The majority of avocados we eat are the Hass variety, named after its initial planter, propagator, and patent-owner, Rudolph Hass, who planted the first of its kind in California in 1920. The original tree succumbed to root fungus in 2002, after being tended by Hass’s children for 50 years after his death

In Canada, the popularity and consumption of avocados has increased by more than 350 percent in the last decade, from 15.8 million kilograms imported in 2003 to over 57 million kilograms in 2013. Of that 57 million, almost 80 percent were grown in Mexico.

Individual trees take eight years to become fully productive, and if cared for, can produce up to 100 kilograms of fruit per year for 20 to 25 years. Avocados are a climacteric fruit, which means they’re picked when mature but ripen in storage or transport. This is why avocados can be harvested thousands of kilometres away but still arrive fresh in our grocery stores. That said, avocados are a perishable commodity and can damage easily. Producers in developing countries can lose up to 50 percent of yields before their product reaches store shelves.

For growers, negotiating contracts with local traders can be difficult, as these arrangements are often verbal and may not contain conditions for quality, price, or payment. Buyers rarely pay on delivery, and when they do it may be on reduced terms—if they pay at all. And while traders can always find new sources, growers must take what they can get.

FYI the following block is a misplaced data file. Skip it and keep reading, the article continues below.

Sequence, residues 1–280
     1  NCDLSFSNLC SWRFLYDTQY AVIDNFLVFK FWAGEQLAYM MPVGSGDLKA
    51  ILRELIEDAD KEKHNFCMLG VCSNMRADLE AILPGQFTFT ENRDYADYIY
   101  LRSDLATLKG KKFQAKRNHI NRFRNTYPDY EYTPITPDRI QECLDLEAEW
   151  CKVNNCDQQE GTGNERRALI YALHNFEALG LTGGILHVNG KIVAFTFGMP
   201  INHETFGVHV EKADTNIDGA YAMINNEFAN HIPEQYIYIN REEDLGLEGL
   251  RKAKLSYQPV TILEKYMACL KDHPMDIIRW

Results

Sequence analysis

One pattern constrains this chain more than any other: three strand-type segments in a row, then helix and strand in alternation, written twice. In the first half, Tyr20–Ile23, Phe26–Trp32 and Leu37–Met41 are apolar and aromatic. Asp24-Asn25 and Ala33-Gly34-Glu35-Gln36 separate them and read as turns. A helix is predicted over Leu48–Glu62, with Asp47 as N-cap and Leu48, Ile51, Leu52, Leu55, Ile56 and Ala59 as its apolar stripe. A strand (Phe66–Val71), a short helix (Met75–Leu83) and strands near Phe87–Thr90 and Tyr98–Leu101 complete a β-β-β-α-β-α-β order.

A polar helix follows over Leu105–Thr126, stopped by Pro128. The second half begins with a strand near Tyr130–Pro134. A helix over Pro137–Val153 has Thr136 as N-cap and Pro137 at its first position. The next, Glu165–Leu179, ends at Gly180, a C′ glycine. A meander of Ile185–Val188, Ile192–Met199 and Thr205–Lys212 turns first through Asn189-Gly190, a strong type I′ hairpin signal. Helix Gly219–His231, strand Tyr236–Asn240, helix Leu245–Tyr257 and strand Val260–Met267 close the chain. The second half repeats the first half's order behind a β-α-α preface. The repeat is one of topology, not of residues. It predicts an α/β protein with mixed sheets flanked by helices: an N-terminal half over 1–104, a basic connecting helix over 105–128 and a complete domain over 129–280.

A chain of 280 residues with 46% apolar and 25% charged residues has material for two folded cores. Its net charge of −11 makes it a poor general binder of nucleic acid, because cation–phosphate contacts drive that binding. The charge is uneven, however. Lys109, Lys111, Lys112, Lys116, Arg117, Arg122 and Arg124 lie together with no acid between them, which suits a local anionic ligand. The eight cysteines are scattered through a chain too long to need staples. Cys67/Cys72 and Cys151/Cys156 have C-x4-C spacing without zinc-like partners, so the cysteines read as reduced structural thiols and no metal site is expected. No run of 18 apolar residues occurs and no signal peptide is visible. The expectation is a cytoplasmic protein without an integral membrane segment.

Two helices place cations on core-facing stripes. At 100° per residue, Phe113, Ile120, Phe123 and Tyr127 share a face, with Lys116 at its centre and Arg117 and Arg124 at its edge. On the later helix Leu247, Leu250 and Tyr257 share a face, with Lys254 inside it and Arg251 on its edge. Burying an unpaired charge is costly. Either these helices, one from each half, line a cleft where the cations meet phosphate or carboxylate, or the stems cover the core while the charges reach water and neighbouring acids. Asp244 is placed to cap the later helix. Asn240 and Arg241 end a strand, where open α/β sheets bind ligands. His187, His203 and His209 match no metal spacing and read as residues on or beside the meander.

Vast and inefficient distribution networks can also affect price. In Mexico, excessive handling through large, centralized distribution centres can mean shipments will pass through the same place more than once before reaching their final destination. This increases the cost of the final product, which is mitigated by paying farmers less—often less than national minimum requirements. In addition, growers rarely receive overtime pay or vacations.

At a recent panel discussion in Vancouver, Gustavo Vallejo Esquivel of Pragor Organic Avocado in Michoacan, Mexico, spoke about how fair trade practices have helped growers avoid excessive handling in conventional supply chains. “We now sell directly to the [Canadian] importer,” said Vallejo Esquivel.

For Vallejo Esquivel, fair trade equates to better prices and higher wages for workers. The additional premiums from fair trade have also allowed his community to build walls around cemeteries to prevent dogs from digging up gravesites. They’ve also invested in health projects for seniors and a music school to help promote local cultural traditions among the community’s youth.

“There are a lot of people living in a community who don’t think they can participate, but when you give them education and training, they can do anything,” said Vallejo Esquivel.


Bryce is an assistant editor at the Canadian Fair Trade Network.

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